Air filtration systems, considered crucial in reducing the spread of viral infections indoors, may not be as effective as previously thought, according to a study from the University of East Anglia.
Air filtration systems gained significant attention during the COVID-19 pandemic as a potential tool to reduce the spread of the virus indoors. They are also used to manage allergies, asthma, and other respiratory conditions by removing allergens and pollutants from indoor air.
The research was focused on technologies such as air filtration, germicidal lights, and ionizers. Based on the results, these systems fall short of expectations. The study was led by Professor Paul Hunter and Dr. Julii Brainard from UEA’s Norwich Medical School.
The team set out to investigate the real-world effectiveness of air treatment technologies by analyzing 32 studies conducted in practical settings like schools and care homes.
“Air cleaners are designed to filter pollutants or contaminants out of the air that passes through them,” said Professor Hunter.
“When the Covid pandemic hit, many large companies and governments – including the NHS, the British military, and New York City and regional German governments – investigated installing this type of technology in a bid to reduce airborne virus particles in buildings and small spaces.”
“But air treatment technologies can be expensive. So it’s reasonable to weigh up the benefits against costs, and to understand the current capabilities of such technologies.”
Despite the initial optimism, the study concludes that there is minimal evidence supporting the effectiveness of these technologies in safeguarding individuals from airborne respiratory or gastrointestinal infections.
Dr. Brainard pointed out that while some air treatment strategies, especially germicidal lights and HEPA filtration, can reduce environmental and surface contamination, they fall short in preventing or reducing illnesses.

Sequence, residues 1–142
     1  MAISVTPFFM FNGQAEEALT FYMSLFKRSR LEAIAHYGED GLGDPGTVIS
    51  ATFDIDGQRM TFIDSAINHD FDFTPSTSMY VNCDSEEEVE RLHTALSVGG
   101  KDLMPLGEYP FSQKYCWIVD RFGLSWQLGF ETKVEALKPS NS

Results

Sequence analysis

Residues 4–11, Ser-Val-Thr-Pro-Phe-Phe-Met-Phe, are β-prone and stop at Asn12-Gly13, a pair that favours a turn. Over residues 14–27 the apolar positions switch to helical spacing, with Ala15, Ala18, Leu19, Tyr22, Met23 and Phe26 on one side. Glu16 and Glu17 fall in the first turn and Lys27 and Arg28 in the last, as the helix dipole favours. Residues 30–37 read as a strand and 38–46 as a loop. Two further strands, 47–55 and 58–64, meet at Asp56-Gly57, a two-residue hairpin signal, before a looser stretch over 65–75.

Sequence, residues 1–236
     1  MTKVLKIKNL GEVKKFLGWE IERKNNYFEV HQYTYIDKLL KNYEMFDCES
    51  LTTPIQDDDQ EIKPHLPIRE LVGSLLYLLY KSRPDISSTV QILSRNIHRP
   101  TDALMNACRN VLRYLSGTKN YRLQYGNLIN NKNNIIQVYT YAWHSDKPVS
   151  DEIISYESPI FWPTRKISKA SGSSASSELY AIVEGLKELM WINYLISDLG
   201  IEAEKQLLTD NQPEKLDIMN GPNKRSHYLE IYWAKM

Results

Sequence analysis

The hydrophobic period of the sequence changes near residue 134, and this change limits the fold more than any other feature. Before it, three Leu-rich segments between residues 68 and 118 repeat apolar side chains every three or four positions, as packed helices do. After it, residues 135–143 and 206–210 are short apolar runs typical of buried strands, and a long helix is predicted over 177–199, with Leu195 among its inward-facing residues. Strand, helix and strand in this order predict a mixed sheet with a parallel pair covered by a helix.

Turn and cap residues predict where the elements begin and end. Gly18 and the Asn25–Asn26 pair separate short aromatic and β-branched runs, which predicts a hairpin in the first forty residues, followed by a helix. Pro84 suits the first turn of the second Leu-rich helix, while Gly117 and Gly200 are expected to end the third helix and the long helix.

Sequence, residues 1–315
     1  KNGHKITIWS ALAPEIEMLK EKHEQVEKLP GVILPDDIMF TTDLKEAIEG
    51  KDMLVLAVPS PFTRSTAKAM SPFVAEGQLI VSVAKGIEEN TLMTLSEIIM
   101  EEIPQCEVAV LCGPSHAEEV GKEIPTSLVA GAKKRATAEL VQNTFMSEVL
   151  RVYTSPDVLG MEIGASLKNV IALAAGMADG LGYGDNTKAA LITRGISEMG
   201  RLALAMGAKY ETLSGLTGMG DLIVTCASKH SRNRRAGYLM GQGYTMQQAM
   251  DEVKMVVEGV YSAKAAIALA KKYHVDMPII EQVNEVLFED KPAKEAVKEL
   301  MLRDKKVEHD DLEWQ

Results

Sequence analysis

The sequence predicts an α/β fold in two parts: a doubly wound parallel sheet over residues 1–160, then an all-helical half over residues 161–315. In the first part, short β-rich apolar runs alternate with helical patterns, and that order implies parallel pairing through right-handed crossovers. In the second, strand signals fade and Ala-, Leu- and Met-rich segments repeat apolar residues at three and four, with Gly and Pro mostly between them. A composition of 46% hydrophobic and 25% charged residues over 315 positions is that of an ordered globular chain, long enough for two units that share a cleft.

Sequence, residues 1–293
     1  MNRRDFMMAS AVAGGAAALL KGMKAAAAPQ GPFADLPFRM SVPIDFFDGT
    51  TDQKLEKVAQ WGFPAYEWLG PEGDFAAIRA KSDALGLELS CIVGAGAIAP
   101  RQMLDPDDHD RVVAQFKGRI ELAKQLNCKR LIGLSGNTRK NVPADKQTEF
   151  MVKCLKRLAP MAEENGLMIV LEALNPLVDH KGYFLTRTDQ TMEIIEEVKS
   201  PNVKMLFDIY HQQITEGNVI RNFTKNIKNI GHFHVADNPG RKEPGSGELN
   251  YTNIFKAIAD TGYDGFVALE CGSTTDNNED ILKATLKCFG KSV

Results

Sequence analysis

“The kinds of technologies that we considered included filtration, germicidal lights, ionizers and any other way of safely removing viruses or deactivating them in breathable air,” said Dr. Brainard. “In short, we found no strong evidence that air treatment technologies are likely to protect people in real world settings.”
“There is a lot of existing evidence that environmental and surface contamination can be reduced by several air treatment strategies, especially germicidal lights and high efficiency particulate air filtration (HEPA). But the combined evidence was that these technologies don’t stop or reduce illness.”
“There was some weak evidence that the air treatment methods reduced likelihood of infection, but this evidence seems biased and imbalanced.”
“We strongly suspect that there were some relevant studies with very minor or no effect but these were never published.”
Dr. Brainard said the findings are disappointing, but it is vital that public health decision makers have a full picture. “Hopefully those studies that have been done during Covid will be published soon and we can make a more informed judgement about what the value of air treatment may have been during the pandemic.”
The study is published in the journal Preventive Medicine.
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